Today I read the article "Building Research Equipment with Free, Open-Source Hardware" by Joshua Pearce from a recent Science Perspectives section. I'd like to share some thoughts on the article as I thought it introduced what may be the next "want" item in many labs.
In the modern scientific lab there is a large assortment of sophisticated hardware necessary to conduct increasingly complex research. Generally scientific hardware is some combination of turn-key or off the shelf equipment and equipment designed and built in house. In recent years laboratory software has progressively become part of the free and open-source software (FOSS) movement; hardware is now following the same trend with the advent of open-source 3D printers from the hobbyist community.
Open-source hardware became popular in the late 90’s with the basic stamp “board of education” microcontroller circuit boards, but the Arduino has taken over the hobby market with its $30 price tag. Arduino has a number of modules, or shields as they are called, ready built with significant code libraries available. With the Arduino circuit boards scientists can perform basic hardware control with digital and analog outputs in addition to basic analog-to-digital conversion.
The RepRap open-source 3D printer is driven by the Arduino and can be constructed for <$1000. The machine prints the parts required to make another RepRap printer, so building a machine is approached by entering the RepRap community with a parts request. Users also post 3D designs on Thingiverse for download and printing by anyone. A sufficient amount of laboratory equipment from test tube racks and filter wheels to Dremel tool adapters are already online.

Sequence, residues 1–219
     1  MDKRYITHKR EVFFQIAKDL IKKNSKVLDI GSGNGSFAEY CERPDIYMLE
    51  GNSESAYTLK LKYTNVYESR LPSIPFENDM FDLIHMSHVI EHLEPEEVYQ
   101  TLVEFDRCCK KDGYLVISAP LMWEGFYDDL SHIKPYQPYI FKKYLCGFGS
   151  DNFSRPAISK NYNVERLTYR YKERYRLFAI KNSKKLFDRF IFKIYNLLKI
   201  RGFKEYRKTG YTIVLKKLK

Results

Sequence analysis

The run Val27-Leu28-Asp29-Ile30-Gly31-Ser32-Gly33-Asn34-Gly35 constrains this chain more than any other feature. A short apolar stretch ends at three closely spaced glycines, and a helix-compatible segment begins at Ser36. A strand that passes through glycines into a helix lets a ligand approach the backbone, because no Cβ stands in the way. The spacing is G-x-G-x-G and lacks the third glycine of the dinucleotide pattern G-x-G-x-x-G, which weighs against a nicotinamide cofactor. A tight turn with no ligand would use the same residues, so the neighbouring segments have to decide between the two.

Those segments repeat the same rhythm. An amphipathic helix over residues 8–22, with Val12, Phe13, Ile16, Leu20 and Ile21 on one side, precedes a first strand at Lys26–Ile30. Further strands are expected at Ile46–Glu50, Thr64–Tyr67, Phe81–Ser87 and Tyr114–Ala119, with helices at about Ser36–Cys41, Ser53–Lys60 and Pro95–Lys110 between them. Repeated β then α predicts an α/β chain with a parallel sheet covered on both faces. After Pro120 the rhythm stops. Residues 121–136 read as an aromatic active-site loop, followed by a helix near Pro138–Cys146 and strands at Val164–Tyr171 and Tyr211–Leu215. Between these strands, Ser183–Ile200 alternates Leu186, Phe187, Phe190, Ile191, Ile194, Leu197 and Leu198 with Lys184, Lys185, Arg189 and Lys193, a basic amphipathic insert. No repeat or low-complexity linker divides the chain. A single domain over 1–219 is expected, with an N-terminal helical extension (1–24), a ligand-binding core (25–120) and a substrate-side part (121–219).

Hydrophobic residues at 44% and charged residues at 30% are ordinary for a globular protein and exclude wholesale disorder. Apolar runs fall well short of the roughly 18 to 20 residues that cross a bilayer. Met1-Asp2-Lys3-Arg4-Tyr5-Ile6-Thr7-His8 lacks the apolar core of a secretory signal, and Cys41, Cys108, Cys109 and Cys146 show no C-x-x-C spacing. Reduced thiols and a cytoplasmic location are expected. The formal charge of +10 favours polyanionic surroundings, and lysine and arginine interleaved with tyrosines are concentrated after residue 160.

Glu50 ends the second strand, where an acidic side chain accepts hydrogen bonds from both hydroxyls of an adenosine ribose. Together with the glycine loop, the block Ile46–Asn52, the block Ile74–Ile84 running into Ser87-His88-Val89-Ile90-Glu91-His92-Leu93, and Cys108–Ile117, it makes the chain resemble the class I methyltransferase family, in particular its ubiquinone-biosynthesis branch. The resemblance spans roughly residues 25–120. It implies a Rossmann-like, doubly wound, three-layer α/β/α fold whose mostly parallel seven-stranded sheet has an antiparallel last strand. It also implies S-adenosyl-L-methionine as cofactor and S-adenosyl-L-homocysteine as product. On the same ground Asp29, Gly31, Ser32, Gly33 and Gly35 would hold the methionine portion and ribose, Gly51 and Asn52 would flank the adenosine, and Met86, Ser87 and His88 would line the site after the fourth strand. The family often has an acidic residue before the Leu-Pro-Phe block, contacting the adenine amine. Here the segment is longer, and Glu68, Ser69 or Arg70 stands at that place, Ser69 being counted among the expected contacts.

Printing laboratory equipment may not only reduce the cost of research, but allow the same flexibility, innovation, and rapid development cycle enjoyed by scientific software. Being able to create a custom bracket, holder, mold, or sample jig could be advantageous to almost any laboratory and allow research to be conducted more efficiently with less focus on coordinating development with engineers at commercial manufacturers. The open-source nature of the parts library will reduce duplication of work between those in a common field of research and allow cross-lab standardization of sample preparation techniques.
There are limitations to what can be easily constructed in the lab, such as 3D printing with metal. The technology to do this exists, but is too complex and expensive at the present time for individual applications. While working at Oak Ridge National Laboratory I got the opportunity to see 3D printing with titanium. The video below is a titanium ball... bouncing. (Apologies for the portrait video and quality, this was taken several years ago with an early iPhone.)
Like all community projects, the RepRap is being updated to have greater capabilities. According to the project website a major milestone will be printing with electrical conductors to manufacture rapid prototype circuit boards without milling away copper clad board material.
Just as sometimes labs must use commercial software, it is likewise not expected that all lab hardware will become open source. Some tolerances are too tight for the parts to be constructed by simple printers and some materials are not practical to print in the lab. With all this in mind it is worthwhile to monitor the progress of open-source hardware such as the RepRap, Arduino, and the new RaspberryPi single board computer. These tools may provide teaching support also as controlling and displaying data from classroom demonstrations is easier than ever and does not require the resolution/precision of research grade instruments.